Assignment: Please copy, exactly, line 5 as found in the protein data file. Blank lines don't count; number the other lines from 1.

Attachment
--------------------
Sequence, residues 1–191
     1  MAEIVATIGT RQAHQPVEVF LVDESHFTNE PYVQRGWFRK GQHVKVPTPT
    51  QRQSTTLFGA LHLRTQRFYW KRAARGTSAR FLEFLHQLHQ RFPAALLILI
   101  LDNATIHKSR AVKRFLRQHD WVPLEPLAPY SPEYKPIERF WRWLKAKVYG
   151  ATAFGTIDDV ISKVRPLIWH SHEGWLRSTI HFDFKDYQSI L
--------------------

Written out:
   151  ATAFGTIDDV ISKVRPLIWH SHEGWLRSTI HFDFKDYQSI L